There is a more explicit sense of what has, or what might be lost in Constance Debré’s Love Me Tender. “A few months ago”, Debré’s narrator, who shares a first name with the writer, tells us, “I switched to girls”. Although her husband, Laurent, appears to take this cordially, her announcement eventually precipitates a series of events ultimately resulting in Constance no longer being able to see her son, Paul. One day around Halloween, Laurent tells Constance that her son no longer wants to see her. A court case ensues over custody. Constance is unfairly and slanderously accused of incest and paedophilia. Not only is she potentially losing access to her son, but a fair standing in society. 

The novel largely captures the life Constance leads as a result of losing the court case. The viewpoint of the novel is entirely Constance’s. We follow Constance as she tries to get in contact with Paul and misses portions of his childhood and development. She must also contend with Paul’s occasional rejection of her which is, in large parts, being engineered by his father. In the meantime, “with the goal of having as little in life as possible”, she lives a regimented lifestyle of swimming, smoking and hooking up with women. A short novel, it means the period of time between seeing and not seeing Paul is even more destabilising when we learn months have passed. Time is moving quickly.

Maybe because the sense of loss was more abstract and interior in Bouraoui’s novel, Debré’s narrator captures a feeling of loss in a different way:

“I won’t be needing this place anymore. I won’t be needing a bed for him, I don’t need all these things, all this stuff, all mine. In any case I’ve stopped paying rent. Time to get rid. Time to get out. What else can I do but keep going, speed up, carry on living like a young man, a single bachelor. A solitary man, as Johnny Cash says. From now on I’m a lonesome cowboy.”

This is the characteristically caustic tone which typifies the novel. The prose, like the narrator’s actions, conveys movement and a desire to continually live on one’s feet (interestingly, Colm Tóibín, included Debré’s novel on a syllabus of “Restlessness”, texts of “pure voice…the tone is incantatory or staccato or filled with melancholy recognition”). There’s also a distinct lack of feeling conveyed by Constance, nothing like the deeply analytical way Akli describes her feelings. While at once it suggests an unbothered, macho attitude, it also suggests a sense of helplessness (“what else can I do…”), or as Tóibín put it, a melancholy recognition of the circumstances.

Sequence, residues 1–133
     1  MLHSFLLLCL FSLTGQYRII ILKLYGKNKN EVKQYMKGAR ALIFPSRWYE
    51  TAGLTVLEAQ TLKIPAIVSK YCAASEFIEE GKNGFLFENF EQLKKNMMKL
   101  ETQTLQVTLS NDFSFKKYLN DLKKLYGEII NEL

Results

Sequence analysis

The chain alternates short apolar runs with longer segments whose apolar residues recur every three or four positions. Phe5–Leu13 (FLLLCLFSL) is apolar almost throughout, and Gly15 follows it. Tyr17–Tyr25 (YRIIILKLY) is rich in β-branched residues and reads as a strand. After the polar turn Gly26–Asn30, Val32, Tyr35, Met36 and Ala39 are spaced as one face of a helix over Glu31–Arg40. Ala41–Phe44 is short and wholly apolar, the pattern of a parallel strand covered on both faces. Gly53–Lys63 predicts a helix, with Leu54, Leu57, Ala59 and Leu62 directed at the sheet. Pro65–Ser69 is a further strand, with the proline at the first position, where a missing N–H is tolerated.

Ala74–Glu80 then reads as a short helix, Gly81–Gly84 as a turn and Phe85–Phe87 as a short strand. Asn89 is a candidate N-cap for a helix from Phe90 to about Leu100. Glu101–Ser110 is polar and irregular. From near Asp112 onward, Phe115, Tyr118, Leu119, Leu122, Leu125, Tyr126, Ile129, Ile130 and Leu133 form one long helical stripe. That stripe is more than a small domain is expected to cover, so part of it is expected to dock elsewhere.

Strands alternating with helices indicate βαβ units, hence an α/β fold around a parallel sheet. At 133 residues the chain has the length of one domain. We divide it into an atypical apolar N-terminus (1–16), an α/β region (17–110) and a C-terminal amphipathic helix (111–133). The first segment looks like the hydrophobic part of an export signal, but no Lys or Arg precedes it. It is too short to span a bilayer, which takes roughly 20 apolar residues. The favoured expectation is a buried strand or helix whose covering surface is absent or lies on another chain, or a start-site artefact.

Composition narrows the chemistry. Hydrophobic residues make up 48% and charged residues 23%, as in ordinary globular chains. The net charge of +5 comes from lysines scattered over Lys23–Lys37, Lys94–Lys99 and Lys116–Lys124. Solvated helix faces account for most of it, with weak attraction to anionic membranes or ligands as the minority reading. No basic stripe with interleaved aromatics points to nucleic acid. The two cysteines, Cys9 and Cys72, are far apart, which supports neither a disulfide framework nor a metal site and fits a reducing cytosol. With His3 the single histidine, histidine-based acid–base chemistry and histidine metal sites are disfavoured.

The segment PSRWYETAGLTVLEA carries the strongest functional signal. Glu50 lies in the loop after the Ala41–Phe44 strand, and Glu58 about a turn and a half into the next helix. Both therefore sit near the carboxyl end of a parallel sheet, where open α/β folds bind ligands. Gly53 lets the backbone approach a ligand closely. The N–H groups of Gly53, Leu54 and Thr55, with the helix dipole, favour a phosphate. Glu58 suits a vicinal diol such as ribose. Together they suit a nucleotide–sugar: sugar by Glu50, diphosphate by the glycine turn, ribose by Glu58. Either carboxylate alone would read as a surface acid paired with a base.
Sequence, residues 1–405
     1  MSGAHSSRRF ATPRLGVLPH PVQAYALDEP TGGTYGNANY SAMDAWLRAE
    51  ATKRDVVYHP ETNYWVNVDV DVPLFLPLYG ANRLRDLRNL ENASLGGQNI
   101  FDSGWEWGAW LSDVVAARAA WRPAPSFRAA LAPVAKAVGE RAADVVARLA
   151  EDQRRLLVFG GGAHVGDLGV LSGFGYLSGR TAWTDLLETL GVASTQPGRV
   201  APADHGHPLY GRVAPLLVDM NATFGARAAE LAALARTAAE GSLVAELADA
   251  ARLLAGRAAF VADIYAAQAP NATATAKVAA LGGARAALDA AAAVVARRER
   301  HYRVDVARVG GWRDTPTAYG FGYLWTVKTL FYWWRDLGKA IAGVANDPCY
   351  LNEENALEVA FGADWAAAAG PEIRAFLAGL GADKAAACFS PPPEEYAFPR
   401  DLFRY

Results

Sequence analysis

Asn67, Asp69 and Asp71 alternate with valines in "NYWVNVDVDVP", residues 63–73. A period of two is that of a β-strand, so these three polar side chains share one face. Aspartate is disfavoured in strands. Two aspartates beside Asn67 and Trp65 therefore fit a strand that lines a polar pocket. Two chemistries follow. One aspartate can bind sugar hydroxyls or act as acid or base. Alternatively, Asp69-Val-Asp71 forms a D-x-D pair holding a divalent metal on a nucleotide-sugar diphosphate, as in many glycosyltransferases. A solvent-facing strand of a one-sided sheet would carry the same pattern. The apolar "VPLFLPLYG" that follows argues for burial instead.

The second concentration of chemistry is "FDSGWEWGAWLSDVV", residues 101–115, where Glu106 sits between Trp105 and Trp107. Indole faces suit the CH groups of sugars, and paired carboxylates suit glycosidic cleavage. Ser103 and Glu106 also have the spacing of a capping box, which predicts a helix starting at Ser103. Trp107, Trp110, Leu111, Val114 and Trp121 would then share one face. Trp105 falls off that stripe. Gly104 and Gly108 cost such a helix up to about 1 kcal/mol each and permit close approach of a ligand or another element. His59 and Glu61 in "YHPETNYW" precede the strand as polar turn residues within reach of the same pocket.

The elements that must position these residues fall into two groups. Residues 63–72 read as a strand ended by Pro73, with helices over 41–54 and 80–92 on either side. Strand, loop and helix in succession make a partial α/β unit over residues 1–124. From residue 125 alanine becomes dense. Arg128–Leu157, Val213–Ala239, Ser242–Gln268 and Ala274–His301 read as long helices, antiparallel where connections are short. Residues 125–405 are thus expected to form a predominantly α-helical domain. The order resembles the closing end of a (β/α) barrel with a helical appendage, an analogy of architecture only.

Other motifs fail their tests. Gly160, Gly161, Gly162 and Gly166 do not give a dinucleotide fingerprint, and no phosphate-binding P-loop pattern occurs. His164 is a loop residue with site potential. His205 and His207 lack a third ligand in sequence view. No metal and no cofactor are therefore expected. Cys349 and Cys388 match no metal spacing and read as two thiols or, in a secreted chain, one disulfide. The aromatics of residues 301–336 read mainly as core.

The idea of her being a cowboy encapsulates the marauding and, arguably, derisively masculine way she characterises her life. Although Paris might not be as expansive as a whole country like Algeria, there is still this sense of the geography being a figurative representation of the internal workings and melancholy of the narrator. At one point, Constance tells us that she goes through her list of partners and “sorts them all by age, occupation, skin colour, neighbourhood.” And then, in a characteristically pithy remark, she calls it a “metromap of conquests”. When Eric Hobsbawm said that the cowboy is usually a “male white protagonist…in some sense a misfit or refugee from civilisation…seeking something that cannot be found elsewhere…” it calls to mind this provocatively gendered description of Debré’s narrator. But it also calls to mind that feeling of rejection and hurt which inspires the cowboy’s lonesome journeys into the wild, seeking a sense of place or belonging.

Debré’s novel, despite its punkish attitude, does have a unifying moral and it’s that there’s a place for everyone in the world, no matter what the status quo, or law, says. There’s a kind of postmodern anxiety to this too. Constance treats Paris like it’s the setting of a French New Wave film, and it’s refigured and reconstituted for the character she wants or needs to play, whether it’s the mother playing with her son in the park, or meeting women in gay bars. But as is sometimes the case with novels that resemble autofiction, it can lead to passages of internal rumination that can stall the narrative by way of the prose becoming too abstract. Both these novels, however, will make you want to know if their narrators get what they want, or if it’s just a case of wishful thinking.

Liam Bishop is a writer from Leeds, UK. His writing has appeared in the Irish Times, Los Angeles Review of Books, and Review 31. He also interviews writers on the Rippling Pages podcast. He can be followed on Twitter @liamhbishop, and his website can be found here.